As Southern traditions go, having a MoonPie with an RC Cola is right up there with biscuits and gravy or football on Saturdays. In 2017, Patrick Wells (’14) launched MoonPie into the national spotlight with his viral work on the brand’s social media.
Though the graham cracker, marshmallow, and chocolate treat is a classic snack brand (which has expanded to multiple flavors over time) its digital strategy was due for an update.
Working for the Tombras Group, an advertising agency with a Knoxville office, Wells helped launch a campaign for MoonPie to attract millennials.
“Our approach was to simply be different and find a way to do it that seemed effortless from the outside,” Wells says. “A lot of brands still rely on the soft sell, but people see past that now, so we’re either a blatant ironic oversell or no sell at all. It’s such a fun brand, and it would be an injustice to be anything but fun.”
Though MoonPie was beginning to attract a large following online, the total solar eclipse that took place in August 2017 was just the help Wells needed.
When the Hostess Cakes Twitter account declared their own Golden Cupcake the official snack of the eclipse, MoonPie took umbrage and replied to Hostess with a simple “lol ok” tweet, which went resoundingly viral and garnered more than 196,000 retweets.
“I’d first like to thank the eclipse,” Wells says with a laugh. “It really put a spotlight on what we were already doing—but when we hit, we took it and ran and started putting more resources and attention into it.”
In the months following, the internet continued to laugh, like, and retweet as Wells served up playful insults to critics of the snack and got into fun tweet conversations with other brands like Wendy’s.
Buzzfeed called the account “hysterically weird,” while the AV Club said MoonPie was becoming “the only good thing about Twitter.” Wells’s work even landed a write-up in Forbes, which called MoonPie the unexpected top social media brand of 2017.
Not only were the congenial and charismatic tweets surprising the internet in the best way, they were also having an effect on sales. After the August tweet, demand for MoonPies exceeded production capacity for the first time in decades. In September, sales were the highest on record in the company’s 100-year history.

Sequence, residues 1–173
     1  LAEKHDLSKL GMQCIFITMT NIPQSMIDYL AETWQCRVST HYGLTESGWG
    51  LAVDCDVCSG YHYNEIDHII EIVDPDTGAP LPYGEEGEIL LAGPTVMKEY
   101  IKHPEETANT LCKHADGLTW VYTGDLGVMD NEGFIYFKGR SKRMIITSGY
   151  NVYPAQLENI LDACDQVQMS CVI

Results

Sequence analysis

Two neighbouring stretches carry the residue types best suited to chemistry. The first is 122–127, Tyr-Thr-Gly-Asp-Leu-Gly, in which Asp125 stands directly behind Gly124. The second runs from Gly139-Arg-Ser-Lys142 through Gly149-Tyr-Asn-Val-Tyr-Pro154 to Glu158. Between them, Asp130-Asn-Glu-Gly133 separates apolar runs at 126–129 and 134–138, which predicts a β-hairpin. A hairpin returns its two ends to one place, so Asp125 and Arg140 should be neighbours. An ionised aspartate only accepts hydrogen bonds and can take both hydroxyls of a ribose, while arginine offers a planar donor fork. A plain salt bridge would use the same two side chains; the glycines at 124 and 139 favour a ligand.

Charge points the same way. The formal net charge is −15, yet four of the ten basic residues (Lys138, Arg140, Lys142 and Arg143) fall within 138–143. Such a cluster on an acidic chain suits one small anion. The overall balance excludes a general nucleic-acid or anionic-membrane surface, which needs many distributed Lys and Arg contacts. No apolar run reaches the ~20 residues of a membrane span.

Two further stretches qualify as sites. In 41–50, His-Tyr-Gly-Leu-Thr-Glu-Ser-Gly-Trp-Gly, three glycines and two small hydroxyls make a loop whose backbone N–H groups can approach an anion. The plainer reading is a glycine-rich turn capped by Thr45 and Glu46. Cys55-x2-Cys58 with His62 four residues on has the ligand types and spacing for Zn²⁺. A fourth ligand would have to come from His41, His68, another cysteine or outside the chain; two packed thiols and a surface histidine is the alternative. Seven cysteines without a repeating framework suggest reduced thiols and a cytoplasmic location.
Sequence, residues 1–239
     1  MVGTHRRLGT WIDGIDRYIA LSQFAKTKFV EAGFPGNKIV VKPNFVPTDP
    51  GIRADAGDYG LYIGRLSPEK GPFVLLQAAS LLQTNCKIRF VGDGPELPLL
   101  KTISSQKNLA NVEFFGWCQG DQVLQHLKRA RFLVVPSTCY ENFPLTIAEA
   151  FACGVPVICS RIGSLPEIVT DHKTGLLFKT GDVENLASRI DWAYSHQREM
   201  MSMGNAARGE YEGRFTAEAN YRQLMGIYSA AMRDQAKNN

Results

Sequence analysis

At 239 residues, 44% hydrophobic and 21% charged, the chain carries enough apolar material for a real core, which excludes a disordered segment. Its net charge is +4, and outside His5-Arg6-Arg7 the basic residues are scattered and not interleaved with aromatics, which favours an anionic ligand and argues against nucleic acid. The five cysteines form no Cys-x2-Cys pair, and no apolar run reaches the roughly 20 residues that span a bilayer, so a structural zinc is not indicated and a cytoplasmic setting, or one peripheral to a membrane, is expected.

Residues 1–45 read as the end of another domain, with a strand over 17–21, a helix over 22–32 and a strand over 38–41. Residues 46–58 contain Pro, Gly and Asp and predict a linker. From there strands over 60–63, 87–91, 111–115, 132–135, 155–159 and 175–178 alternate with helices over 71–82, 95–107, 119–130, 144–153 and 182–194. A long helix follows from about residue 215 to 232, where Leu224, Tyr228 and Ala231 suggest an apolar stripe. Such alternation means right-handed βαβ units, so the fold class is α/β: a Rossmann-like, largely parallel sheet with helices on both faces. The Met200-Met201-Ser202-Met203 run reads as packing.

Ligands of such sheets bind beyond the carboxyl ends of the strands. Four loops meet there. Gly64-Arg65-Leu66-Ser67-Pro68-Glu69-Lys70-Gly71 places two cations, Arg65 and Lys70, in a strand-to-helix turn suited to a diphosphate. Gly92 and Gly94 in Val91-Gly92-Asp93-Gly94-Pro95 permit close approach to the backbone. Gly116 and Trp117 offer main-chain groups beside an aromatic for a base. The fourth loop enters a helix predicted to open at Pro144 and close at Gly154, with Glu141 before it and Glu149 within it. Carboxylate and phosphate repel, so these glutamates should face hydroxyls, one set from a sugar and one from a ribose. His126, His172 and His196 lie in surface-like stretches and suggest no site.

To the outside world, running social media for a brand might seem like an easy job, but Wells says a lot of hard work goes into it.
As a student of UT’s Advertising program, he had learned the importance of that hard work and “to think critically and conceptually.”
On top of that work ethic, Wells quickly learned to take advantage of the connections that UT offered. It was on the annual advertising and public relations trip to New York City that Wells made a connection with someone at Tombras, where he eventually was brought on as an intern and worked his way up to a senior social media manager.
“I’ve traveled all over the US, met Arnold Schwarzenegger, wrote and helped direct some incredible commercial shoots, and worked with some amazing people,” Wells says. “If you’re good and persistent enough, you’ll get those opportunities if you really want them.”
In January 2018, Wells parlayed his MoonPie success into a move to New York City to continue his copywriting career at an agency called Laundry Service. “I want to continue to make creative and disruptive work,” Wells says. “A lot of jobs that are valuable now didn’t exist 10 years ago, so I’m keeping an open mind.”
The social media landscape is constantly evolving, and Wells understands the necessity of staying informed. “Before, social media jobs were just kids who knew what a hashtag was, but now it’s evolved into a full creative spectrum where everyone has to know what’s going on in the industry,” says Wells.
“It’s hard to get a job in advertising, especially in creative, if you don’t have a perspective on how social media ticks.”
While critics say social media is ruining our lives, Wells is able to see the good in the digital age. “I think Twitter, for example, gives people a voice they never had,” he says. “If your thoughts and sentiments are honest and true, they’ll resonate and have the potential to create a lot of change, as we’ve seen recently.”
Though Wells is no longer the caretaker of the MoonPie digital brand, he offers a hot take when asked about his favorite flavor. “It doesn’t matter what flavor, but I highly recommend heating them up in the microwave with a little ice cream. Life changing.”